With tech companies announcing plans to continue allowing—and even encouraging—employees to work remotely beyond the end of the pandemic, the U.S. Defense Innovation Board has urged the Department of Defense to improve its own work from home policies.
In a September report, the board, an advisory committee to the Secretary of Defense, pointed out that the DoD “has traditionally struggled to compete for digital talent,” and “the emerging work from home norm creates an opening for the Department to either adapt and narrow the gap or fall further behind in competing for top-notch technical talent.”
Right now, the Department of Defense is allowing some employees to work remotely, using standard remote collaboration tools with an extra layer of security, but has not decided whether use of these tools will be permitted after workers return to the office. The Defense Innovation Board’s report argues that not only should these tools be preserved, but the use of such tools, along with accompanying infrastructure upgrades, should be expanded. Embracing remote work permanently would, the report claims, allow the DoD to hire a “more agile, diverse, and distributed workforce.”
In addition to urging the DoD to follow in the footsteps of commercial tech employers, the Defense Innovation Board made a few suggestions that I haven’t seen coming from tech businesses, and which those firms might want to embrace in return.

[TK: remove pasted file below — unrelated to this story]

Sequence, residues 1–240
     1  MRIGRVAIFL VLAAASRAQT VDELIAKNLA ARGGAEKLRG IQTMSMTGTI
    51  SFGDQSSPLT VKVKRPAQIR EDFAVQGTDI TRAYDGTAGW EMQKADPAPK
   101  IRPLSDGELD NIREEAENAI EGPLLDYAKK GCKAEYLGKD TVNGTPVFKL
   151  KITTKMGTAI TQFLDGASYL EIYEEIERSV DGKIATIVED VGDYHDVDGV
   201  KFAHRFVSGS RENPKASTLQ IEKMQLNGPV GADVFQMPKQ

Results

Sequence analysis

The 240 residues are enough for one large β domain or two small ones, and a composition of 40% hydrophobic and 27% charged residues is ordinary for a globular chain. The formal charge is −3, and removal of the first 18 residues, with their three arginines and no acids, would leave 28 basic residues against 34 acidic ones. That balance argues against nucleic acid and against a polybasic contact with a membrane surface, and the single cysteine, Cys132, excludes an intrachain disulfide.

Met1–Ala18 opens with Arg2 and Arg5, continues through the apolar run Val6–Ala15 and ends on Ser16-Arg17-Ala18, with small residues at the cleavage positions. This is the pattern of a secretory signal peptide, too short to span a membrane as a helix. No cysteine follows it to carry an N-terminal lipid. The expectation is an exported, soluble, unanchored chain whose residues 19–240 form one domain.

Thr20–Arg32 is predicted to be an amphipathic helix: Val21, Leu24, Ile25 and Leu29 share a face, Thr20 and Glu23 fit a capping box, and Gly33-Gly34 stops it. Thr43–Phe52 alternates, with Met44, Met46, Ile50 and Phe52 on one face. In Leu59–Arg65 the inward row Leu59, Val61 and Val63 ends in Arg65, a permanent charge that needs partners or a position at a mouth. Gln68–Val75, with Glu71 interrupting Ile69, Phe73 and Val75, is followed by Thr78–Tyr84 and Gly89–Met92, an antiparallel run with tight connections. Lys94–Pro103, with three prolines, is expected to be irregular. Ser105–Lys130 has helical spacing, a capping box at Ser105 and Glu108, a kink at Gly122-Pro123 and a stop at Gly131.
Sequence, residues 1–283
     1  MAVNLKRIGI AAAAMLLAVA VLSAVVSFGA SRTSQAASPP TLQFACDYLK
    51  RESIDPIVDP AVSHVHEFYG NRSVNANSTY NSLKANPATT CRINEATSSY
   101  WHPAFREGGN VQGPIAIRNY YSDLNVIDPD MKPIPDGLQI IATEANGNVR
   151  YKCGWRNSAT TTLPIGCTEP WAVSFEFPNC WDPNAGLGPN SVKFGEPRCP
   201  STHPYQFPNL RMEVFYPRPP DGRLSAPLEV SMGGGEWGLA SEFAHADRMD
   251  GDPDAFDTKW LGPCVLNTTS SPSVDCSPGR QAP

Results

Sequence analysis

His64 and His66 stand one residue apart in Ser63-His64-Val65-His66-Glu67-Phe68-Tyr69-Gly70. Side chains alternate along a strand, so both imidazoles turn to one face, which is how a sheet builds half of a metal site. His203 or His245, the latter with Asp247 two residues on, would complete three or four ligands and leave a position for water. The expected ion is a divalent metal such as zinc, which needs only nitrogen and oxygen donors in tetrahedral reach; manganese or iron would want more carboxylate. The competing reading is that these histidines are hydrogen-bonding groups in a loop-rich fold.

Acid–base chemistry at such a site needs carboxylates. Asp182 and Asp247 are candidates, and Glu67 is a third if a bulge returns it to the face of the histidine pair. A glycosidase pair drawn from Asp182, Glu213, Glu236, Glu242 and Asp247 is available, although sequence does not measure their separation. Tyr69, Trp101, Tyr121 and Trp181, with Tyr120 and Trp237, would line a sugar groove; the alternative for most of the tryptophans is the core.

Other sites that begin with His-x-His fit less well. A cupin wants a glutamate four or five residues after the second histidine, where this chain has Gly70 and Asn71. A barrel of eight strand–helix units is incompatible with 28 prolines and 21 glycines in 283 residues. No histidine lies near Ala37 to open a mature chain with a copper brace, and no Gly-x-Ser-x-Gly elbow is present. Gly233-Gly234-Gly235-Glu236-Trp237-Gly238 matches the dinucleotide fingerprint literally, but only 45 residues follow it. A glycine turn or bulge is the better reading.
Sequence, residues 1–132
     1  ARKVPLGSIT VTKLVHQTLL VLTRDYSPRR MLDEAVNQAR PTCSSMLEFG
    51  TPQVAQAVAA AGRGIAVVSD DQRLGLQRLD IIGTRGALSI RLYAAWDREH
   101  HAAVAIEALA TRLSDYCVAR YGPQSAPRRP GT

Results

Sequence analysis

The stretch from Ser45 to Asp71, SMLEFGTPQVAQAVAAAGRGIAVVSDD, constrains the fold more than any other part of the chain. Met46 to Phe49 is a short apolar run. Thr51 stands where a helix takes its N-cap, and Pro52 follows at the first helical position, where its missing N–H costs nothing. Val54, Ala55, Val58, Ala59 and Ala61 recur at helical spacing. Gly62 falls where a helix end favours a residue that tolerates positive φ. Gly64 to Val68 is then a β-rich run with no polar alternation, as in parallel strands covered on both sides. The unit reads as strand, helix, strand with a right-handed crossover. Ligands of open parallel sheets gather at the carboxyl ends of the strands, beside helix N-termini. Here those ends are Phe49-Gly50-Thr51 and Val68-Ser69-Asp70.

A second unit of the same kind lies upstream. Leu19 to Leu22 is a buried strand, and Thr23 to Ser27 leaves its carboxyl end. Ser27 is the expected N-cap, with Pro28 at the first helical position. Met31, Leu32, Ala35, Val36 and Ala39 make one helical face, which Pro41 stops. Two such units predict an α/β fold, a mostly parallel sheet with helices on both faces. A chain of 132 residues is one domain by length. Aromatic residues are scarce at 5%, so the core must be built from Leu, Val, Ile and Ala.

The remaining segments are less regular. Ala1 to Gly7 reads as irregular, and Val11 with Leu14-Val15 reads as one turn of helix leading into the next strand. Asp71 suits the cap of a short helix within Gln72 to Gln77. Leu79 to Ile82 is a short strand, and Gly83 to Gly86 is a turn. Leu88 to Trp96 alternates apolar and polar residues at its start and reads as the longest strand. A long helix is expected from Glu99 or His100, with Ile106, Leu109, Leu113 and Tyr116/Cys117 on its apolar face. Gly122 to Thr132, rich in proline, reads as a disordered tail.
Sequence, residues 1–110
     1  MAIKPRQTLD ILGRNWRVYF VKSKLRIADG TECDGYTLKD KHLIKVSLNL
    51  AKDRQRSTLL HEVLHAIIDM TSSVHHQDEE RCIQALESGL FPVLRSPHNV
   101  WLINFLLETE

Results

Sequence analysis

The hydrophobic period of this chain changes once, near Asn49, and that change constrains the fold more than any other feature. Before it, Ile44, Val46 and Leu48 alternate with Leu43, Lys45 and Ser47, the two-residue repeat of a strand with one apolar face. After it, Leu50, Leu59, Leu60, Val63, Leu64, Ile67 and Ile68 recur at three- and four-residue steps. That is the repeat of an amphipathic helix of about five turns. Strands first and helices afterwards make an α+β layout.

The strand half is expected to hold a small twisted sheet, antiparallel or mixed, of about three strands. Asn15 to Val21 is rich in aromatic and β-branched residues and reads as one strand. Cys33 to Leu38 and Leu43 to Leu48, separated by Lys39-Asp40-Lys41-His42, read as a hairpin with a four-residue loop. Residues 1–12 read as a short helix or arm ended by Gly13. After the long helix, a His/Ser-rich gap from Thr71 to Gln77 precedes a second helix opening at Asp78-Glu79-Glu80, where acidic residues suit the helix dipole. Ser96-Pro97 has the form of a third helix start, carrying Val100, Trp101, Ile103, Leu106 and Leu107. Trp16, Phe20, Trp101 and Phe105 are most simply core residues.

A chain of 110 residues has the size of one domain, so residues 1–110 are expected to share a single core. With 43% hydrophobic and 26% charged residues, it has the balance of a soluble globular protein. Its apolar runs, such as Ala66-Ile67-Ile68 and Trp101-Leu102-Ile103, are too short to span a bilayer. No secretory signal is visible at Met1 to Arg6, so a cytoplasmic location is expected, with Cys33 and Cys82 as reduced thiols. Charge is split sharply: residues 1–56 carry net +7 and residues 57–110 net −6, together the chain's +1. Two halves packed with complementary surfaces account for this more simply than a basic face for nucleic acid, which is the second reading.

For one, the Board suggested that the DoD create “a nationwide network of dedicated co-working or shared workspaces” for remote work. This, it suggested, might be a way of handling classified work in a more distributed fashion, but it also could be a way for businesses to better fulfill the desires of employees to live wherever they want, but work some number of days each week at home and some in an office.
In another suggestion, the Board urged that, as part of an effort to change the culture around remote work, that senior DoD leaders “should commit to periodically working from home to model behavior, norms, and expectations around performance and presence; this will also create a demand for IT capabilities to remain up-to-date and not atrophy.”
Tekla S. Perry is a senior editor at IEEE Spectrum. Based in Palo Alto, Calif., she's been covering the people, companies, and technology that make Silicon Valley a special place for more than 40 years. An IEEE member, she holds a bachelor's degree in journalism from Michigan State University.